Even if he did not reach the heights of his brother as a striker, there was a shrewdness, a meticulousness about Simone that suggested at a potential future in coaching. His teammates at Lazio used to call him ‘The Almanac’, and he became known for his obsessive attention to detail. Marina Inzaghi had hoped her children would become doctors had they not pursued football, but Simone obtained a degree in accountancy and it was readily apparent in his analytical approach.
His playing style too was more nuanced and intricate than that of his brother. Simone’s mind, it seemed, might be perfectly suited for the challenges of coaching. Erudite and open-minded, he embarked on the next chapter of his footballing career ready to relinquish the tag of the less successful sibling.
“My objective was always to become manager of Lazio,” Simone said in 2016. After six years as coach in the club’s academy, in which he led the under-20s to two domestic cup wins and within a penalty shootout of a league title, his objective had been completed. “I’m proud and I cannot wait to start,” he said. “I am the manager today but I want to be manager for the future as well.”
As it turned out, he would be the manager for the future, but his first spell was only temporary. He took over from the sacked Stefano Pioli towards the end of 2015/16 season, after a thrashing at the hands of city rivals Roma. With seven games to go in a disappointing campaign, Lazio were searching for a steadying influence. Inzaghi offered it, and in difficult circumstances.
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He inherited a squad ravaged by injuries with Stefan de Vrij, Ștefan Radu, Dušan Basta and Wesley Hoedt all out. Then there was the negativity, the hostility surrounding the club. Their notorious ultras had boycotted the defeat against Roma and after it descended on the training ground in their numbers. It resulted in clashes with police and more bad press.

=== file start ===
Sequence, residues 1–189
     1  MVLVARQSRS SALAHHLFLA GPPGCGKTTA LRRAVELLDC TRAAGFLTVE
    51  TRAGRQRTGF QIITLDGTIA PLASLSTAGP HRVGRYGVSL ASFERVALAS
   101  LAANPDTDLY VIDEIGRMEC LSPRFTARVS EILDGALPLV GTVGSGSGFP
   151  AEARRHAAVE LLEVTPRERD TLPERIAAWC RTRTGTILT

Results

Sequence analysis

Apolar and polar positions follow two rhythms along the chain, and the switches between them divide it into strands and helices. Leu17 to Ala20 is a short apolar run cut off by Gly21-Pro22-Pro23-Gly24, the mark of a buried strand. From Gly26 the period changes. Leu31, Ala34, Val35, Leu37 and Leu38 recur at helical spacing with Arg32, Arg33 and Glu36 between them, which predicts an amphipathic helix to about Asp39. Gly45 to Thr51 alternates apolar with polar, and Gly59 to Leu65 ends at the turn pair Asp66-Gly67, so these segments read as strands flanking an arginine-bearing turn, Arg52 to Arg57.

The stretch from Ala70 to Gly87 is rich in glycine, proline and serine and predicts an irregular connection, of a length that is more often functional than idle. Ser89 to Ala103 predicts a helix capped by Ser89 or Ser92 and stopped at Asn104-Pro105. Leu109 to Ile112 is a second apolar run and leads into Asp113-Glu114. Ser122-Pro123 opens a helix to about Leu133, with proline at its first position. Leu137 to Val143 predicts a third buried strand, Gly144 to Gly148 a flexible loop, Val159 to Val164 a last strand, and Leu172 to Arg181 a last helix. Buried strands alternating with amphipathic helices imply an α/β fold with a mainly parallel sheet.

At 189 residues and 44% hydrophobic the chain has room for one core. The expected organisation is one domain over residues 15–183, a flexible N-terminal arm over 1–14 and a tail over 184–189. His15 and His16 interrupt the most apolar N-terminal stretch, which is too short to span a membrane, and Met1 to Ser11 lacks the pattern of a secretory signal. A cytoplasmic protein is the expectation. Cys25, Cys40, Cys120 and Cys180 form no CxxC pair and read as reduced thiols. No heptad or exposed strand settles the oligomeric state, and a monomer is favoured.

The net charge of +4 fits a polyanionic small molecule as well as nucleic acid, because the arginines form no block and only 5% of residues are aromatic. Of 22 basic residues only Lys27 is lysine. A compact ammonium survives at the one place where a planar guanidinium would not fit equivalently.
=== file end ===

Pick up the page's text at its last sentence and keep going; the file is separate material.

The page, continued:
On the pitch and off the pitch, improvement was needed. Inzaghi took his players on a team-building retreat to Norcia, 100 miles away in the Umbrian hills. Then it was time for his first training session, the day of his 40th birthday. “I’ve seen the lads are ready to work,” he said.
That was not enough to appease the demanding ultras, though. At Inzaghi’s first session they were there again, impassioned and angry. The newly appointed coach led his players over to the fans who requested an increase in desire, a more frequent demonstration of tenacity. Lazio had underachieved and they were not happy.
Inzaghi’s first game eased some of the tension. An impressive 3-0 win against Palermo was the start of an improvement, and Lazio would go on to finish eighth in Serie A. There were certainly still issues and there was no immediate fix, but there were encouraging signs of tactical discipline and fluid attacking play that had been previously lacking.
But by the end of the season, Inzaghi was gone, his caretaker role fulfilled. In came the mercurial Marcelo Bielsa, a coach almost the antithesis of his unproven predecessor. For Inzaghi, it might have been very different had Bielsa not decided to quit after just two days in the job. Lazio again turned to him, again almost as an afterthought – perhaps fittingly given the perception of him as a player – but he was not deterred by being second choice. This was Inzaghi’s opportunity to take control of a full season, to build his reputation.
The tumultuary nature of the summer that preceded his first campaign as permanent manager was hardly ideal. Bielsa’s abandonment had left Lazio in a state of chaos, after one of the most disappointing seasons in recent memory. Few expected much; the prevailing sentiment was pessimism and there were understandable doubts. But Inzaghi had brought composure, an air of calmness in a situation that would have left many flustered and stressed.